Well, my first reaction was how quickly would we change our tune if Alex Rodriguez suddenly wore orange and blue. To be honest, most Met fans (including myself) point out with glee that he doesn't come through in pressure situations late in the game, down the stretch or in post-season and that we'd still want Carlos Beltran at the plate with the season on the line, despite what happened in game seven.
    My second reaction was that the above wouldn't matter. We're already proud of our hometown heros and don't need a whipping boy to demonstrate it. Even if he's a big contributor in 10-0 blowouts while leaving runners on base in a 3-2 game in the eighth, as long as he gives 100%, that will be OK. Let him get us a lead early and let the bullpen save it. And, If David Wright would glady change positions to have aRod on the team, then why shouldn't we want him?
    Of course, it's only a pipe-dream, but I bet he would be happier playing with a team rooting for one another rather than a bunch of individuals whose only concerns are with themselves.

  • Anonymous

    Well, we've seen Reyes at second base, and that was a terrible waste. How about A-Rod at second? For a great shortstop, playing second has to be easier than playing third, and he handled that move just fine.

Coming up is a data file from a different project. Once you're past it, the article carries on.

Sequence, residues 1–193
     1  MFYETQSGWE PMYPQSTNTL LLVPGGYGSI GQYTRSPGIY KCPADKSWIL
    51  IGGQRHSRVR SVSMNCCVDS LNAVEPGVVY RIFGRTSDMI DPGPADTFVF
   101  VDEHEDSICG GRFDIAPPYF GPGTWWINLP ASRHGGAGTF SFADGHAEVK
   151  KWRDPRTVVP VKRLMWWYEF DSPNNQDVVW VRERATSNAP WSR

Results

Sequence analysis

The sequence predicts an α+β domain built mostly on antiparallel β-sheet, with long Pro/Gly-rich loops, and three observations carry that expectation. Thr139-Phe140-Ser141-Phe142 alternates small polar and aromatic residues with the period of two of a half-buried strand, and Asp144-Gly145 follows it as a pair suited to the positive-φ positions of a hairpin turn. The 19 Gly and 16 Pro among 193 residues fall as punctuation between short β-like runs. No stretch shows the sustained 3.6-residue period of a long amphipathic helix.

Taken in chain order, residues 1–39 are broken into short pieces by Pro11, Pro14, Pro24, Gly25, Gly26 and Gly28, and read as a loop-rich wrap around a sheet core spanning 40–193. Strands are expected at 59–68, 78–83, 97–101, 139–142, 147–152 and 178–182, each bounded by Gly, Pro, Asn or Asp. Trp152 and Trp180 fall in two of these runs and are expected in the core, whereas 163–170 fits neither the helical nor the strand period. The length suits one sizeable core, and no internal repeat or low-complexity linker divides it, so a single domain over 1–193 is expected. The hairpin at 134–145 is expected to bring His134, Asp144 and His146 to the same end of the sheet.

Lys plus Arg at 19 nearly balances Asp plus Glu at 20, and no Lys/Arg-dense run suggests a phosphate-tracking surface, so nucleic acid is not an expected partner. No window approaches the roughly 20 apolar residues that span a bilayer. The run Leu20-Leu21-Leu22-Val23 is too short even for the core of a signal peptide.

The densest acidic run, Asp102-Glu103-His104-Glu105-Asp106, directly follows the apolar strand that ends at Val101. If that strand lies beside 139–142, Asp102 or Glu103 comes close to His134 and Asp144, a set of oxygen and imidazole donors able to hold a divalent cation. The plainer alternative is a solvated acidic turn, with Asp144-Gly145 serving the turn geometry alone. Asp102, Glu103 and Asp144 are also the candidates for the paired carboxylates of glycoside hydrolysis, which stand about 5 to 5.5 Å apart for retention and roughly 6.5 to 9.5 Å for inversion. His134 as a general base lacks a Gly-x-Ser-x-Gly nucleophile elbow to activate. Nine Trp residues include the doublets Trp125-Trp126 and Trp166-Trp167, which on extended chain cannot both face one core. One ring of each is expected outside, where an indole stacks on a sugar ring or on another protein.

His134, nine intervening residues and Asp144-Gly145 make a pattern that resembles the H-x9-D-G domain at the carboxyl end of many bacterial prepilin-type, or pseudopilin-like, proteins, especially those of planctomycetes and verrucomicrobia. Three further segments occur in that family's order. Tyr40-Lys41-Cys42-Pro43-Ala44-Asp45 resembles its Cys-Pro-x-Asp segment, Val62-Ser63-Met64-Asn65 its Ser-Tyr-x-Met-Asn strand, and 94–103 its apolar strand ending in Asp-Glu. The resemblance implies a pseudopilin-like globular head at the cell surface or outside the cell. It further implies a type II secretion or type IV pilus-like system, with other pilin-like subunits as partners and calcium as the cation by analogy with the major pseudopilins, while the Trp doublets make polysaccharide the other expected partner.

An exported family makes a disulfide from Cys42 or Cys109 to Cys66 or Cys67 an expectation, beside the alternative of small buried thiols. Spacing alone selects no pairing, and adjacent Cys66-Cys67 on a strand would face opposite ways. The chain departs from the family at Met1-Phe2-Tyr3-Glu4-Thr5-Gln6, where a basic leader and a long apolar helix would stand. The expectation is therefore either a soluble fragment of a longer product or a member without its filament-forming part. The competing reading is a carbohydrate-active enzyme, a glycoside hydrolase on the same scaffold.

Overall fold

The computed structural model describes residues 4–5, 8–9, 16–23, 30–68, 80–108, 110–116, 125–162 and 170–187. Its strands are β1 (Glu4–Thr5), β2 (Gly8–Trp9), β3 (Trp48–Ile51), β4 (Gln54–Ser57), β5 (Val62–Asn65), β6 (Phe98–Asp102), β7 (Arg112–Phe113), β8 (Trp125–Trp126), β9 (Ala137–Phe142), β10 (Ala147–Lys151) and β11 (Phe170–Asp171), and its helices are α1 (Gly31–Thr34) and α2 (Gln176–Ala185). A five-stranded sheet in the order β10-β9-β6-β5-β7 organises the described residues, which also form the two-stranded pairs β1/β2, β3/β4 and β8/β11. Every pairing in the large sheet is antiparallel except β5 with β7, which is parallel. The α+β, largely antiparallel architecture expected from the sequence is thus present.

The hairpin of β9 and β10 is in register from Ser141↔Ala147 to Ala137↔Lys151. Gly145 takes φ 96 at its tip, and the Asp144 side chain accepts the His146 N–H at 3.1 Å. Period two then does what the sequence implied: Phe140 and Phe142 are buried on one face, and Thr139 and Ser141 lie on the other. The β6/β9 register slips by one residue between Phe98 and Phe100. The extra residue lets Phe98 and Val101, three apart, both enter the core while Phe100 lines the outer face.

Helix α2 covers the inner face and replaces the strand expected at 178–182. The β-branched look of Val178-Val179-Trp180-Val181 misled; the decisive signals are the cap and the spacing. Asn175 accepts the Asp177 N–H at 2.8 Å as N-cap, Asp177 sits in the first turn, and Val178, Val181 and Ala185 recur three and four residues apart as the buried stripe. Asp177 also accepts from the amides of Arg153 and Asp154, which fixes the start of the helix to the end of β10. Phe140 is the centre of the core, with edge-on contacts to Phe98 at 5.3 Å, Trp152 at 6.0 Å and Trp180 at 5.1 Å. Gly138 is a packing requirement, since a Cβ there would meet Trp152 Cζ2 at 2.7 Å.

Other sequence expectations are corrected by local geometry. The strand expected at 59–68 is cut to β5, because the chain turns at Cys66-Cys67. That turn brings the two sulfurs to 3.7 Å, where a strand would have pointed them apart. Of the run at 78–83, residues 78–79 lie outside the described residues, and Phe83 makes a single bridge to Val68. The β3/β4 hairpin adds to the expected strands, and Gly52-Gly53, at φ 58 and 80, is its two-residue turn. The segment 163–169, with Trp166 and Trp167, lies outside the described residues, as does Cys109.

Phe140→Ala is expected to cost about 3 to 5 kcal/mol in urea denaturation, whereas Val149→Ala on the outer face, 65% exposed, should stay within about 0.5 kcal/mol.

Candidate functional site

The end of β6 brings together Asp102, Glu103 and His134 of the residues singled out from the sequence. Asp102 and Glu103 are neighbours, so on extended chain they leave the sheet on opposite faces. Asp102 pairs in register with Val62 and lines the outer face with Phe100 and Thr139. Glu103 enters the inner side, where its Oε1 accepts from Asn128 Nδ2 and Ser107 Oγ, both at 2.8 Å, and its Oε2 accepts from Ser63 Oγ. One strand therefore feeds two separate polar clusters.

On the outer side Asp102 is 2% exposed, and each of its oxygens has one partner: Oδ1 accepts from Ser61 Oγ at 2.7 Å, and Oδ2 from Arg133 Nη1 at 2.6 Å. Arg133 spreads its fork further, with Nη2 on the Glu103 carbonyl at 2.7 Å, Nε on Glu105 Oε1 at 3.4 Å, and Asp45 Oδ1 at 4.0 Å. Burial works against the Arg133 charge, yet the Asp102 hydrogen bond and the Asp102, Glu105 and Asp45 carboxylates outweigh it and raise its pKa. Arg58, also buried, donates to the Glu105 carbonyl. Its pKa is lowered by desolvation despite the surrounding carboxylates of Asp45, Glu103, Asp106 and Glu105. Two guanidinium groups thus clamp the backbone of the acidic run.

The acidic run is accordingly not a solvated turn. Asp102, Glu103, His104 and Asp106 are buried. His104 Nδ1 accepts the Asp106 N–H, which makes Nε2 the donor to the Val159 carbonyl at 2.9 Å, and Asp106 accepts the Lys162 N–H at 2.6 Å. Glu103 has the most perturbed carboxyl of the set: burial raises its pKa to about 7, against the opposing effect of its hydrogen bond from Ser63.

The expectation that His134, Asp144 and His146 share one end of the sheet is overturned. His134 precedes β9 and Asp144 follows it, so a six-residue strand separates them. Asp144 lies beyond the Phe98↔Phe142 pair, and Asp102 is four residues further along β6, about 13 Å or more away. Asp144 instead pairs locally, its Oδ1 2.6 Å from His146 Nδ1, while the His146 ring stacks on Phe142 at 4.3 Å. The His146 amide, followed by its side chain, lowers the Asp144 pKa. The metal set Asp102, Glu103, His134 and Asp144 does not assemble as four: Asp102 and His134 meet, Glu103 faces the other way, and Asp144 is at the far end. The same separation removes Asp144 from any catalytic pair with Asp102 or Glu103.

And if Boras wants a long contract, it's easier to live with reduced offensive numbers from a second baseman than from a third baseman as A-Rod gets older.
    I don't know that I want him to come here, but having him at second could solve lots of problems.

  • Anonymous

    Great interview, fellas.

  • Anonymous

    This story reflects well on David. It also reflects well, in retrospect, on Jose, who never should have been moved off short but did so without a peep. These two are so innocent until proven guilty of being brazen.
    My plan during the original A-Rod free agent fever was he would come here and play left since we had an all-world defensive shortstop. A-Rod was younger then and presumably adaptable to change (for the change he'd be collecting) and I had a Robin Yount thing in mind (Robin switched from short to center, but we had Jay Payton in center for the next ten years then). As he's the one getting up there (all of 32 this year), I'd still endorse Rodriguez in the outfield because I just as soon leave Wright be.
    I'd endorse it, that is, if I were willing to indulge in this let's-find-something-to-stir-the-pot hypotheticalia. It's spring (baseball spring; it's fricking freezing outside) and in spring, a baseball writer's fancy turns to the ridiculous, or at least to the unlikely. We fans aren't much different. But I doubt A-Rod is coming here. I kind of doubt he's leaving there. I won't use absolutes 'cause I don't know the future, but it seems a little far-fetched.